Drew Desmond – Founded the #PrescottAZHistory blog and spends over 1000 hours a year reading old newspapers, periodicals and books to provide the research necessary for his weekly articles. He is the administrator of the popular “Celebrating Historic Prescott” Facebook group. Drew’s #PrescottAZHistory Twitter account is followed by many local institutions, including businesses, reporters, politicians, and even towns. Drew is Vice-President of the Western Heritage Center in Prescott 

Awesome Arizona -- 200 Amazing Facts About the Grand Canyon State -- by Roger Naylor

Speaker: Roger Naylor

Arizona is rugged and gorgeous, historic and weird, funny and utterly magnificent.  It’s full of surprises, not what most people expect at all.  And with this book entitled Awesome Arizona, Roger Naylor piles up the evidence amassing 200 amazing facts and fascinating commentary about his beloved state.  He captures the essence of Arizona from its wild and wooly past to its breathtaking scenery, to its startling geology, to its incredible diversity of cultures and terrain, and more.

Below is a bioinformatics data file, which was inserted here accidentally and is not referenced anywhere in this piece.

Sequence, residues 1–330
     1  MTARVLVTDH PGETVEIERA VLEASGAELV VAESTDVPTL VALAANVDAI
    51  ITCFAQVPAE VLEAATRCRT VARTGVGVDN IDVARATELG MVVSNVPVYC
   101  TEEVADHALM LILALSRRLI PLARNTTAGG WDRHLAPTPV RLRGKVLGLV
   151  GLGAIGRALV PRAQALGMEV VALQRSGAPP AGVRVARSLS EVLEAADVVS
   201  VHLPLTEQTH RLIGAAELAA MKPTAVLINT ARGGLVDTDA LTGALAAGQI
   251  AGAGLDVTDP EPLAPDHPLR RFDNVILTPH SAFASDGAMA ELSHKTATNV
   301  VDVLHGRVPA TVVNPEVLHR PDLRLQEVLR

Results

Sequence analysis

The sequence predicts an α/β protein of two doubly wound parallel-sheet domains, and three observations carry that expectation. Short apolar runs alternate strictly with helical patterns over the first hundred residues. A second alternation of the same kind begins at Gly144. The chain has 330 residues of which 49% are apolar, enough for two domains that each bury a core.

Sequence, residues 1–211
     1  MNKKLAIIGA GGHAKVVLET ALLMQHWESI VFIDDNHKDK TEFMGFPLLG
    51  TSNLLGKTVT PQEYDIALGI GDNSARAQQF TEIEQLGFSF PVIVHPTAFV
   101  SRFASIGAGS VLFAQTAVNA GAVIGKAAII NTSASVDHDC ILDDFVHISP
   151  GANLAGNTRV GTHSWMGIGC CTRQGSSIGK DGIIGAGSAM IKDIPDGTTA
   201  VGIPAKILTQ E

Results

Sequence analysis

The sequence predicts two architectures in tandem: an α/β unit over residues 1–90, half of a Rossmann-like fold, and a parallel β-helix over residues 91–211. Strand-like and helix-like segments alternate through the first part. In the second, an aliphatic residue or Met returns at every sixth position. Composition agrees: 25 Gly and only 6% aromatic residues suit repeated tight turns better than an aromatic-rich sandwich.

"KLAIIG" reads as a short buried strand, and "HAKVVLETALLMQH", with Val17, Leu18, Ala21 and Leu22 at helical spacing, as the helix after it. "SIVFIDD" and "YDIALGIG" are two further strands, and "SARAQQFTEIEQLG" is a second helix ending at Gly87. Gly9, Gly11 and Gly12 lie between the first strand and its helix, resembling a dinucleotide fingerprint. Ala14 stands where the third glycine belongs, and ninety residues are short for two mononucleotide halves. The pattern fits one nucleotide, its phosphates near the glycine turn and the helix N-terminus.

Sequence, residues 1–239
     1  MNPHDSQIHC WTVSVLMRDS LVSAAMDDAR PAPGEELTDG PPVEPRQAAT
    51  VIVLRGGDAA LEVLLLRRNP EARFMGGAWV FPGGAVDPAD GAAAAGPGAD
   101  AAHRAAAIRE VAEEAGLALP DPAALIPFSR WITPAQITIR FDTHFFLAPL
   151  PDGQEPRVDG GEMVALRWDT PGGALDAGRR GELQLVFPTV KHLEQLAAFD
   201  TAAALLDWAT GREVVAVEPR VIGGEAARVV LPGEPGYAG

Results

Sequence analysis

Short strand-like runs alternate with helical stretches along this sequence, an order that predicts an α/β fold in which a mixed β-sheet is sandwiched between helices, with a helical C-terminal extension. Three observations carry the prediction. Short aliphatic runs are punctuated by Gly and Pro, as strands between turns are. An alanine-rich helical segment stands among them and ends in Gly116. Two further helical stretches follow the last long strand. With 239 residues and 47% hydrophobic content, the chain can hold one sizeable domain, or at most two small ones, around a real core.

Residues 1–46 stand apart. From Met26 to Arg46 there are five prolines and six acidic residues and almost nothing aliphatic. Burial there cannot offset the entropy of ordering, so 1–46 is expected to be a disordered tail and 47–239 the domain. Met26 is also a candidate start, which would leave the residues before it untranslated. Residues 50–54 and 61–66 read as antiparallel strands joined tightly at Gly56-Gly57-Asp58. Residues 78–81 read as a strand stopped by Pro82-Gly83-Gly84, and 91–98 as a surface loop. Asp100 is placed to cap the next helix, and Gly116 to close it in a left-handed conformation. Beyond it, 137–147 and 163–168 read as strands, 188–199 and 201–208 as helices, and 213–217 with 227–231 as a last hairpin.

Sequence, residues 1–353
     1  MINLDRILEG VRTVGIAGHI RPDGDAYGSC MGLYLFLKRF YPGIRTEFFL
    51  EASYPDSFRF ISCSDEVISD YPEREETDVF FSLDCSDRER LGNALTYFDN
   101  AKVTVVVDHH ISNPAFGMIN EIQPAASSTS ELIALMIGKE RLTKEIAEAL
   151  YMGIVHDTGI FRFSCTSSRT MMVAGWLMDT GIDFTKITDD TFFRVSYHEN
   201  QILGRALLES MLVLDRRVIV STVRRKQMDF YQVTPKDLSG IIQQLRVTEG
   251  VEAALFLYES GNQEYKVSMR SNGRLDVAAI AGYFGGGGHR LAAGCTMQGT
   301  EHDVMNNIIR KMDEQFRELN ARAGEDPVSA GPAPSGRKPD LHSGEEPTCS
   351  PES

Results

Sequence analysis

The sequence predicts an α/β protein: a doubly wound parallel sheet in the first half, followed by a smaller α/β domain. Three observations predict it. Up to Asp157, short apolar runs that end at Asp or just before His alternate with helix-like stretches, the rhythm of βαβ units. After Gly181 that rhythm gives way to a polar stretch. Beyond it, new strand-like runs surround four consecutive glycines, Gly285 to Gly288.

Roger Naylor – Is Arizona’s premier travel writer and a member of the Arizona Tourism Hall of Fame. His two previous books, “Arizona Scenic Roads and Hikes” and “Arizona State Parks” were both chosen as the best Arizona Travel Books by the New Mexico-Arizona Book Awards in 2020 and 2021. His works appear most weeks in the Arizona Republic and he is the author of several books about Arizona.


Jean Mann, Navajo Weaver -- by Lolita Mann Paddock

Speaker: Lolita Mann Paddock                                     

Lolita Mann Paddock talks about the life of her mother, Jean Mann, a well-known Navajo weaver who demonstrated the arts of weaving at the Grand Canyon for many years.

Lolita Mann Paddock – Grew up in the Navajo Reservation town of Cameron, Arizona. She has been a teacher and administrator throughout her professional career and is currently the principal of Leupp School.


A Repeat Photo Reveal -- The San Francisco Peaks, Through the Lens of Time -- by John Vankat

Speaker: John Vankat